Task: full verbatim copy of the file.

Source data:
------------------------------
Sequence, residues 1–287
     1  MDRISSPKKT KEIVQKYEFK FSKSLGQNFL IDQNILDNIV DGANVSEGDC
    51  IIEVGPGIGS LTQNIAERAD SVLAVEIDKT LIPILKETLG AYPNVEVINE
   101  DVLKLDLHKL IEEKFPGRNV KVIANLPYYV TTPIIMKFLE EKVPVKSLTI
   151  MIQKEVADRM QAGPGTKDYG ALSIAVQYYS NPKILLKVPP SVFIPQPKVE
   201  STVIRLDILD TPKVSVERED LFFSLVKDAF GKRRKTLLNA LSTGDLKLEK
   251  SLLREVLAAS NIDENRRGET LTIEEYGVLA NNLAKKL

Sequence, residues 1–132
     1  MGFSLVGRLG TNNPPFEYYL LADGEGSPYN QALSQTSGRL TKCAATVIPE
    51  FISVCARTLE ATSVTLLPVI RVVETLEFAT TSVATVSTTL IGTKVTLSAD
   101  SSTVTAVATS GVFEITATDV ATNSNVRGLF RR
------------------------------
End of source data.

Sequence, residues 1–287
     1  MDRISSPKKT KEIVQKYEFK FSKSLGQNFL IDQNILDNIV DGANVSEGDC
    51  IIEVGPGIGS LTQNIAERAD SVLAVEIDKT LIPILKETLG AYPNVEVINE
   101  DVLKLDLHKL IEEKFPGRNV KVIANLPYYV TTPIIMKFLE EKVPVKSLTI
   151  MIQKEVADRM QAGPGTKDYG ALSIAVQYYS NPKILLKVPP SVFIPQPKVE
   201  STVIRLDILD TPKVSVERED LFFSLVKDAF GKRRKTLLNA LSTGDLKLEK
   251  SLLREVLAAS NIDENRRGET LTIEEYGVLA NNLAKKL

Sequence, residues 1–132
     1  MGFSLVGRLG TNNPPFEYYL LADGEGSPYN QALSQTSGRL TKCAATVIPE
    51  FISVCARTLE ATSVTLLPVI RVVETLEFAT TSVATVSTTL IGTKVTLSAD
   101  SSTVTAVATS GVFEITATDV ATNSNVRGLF RR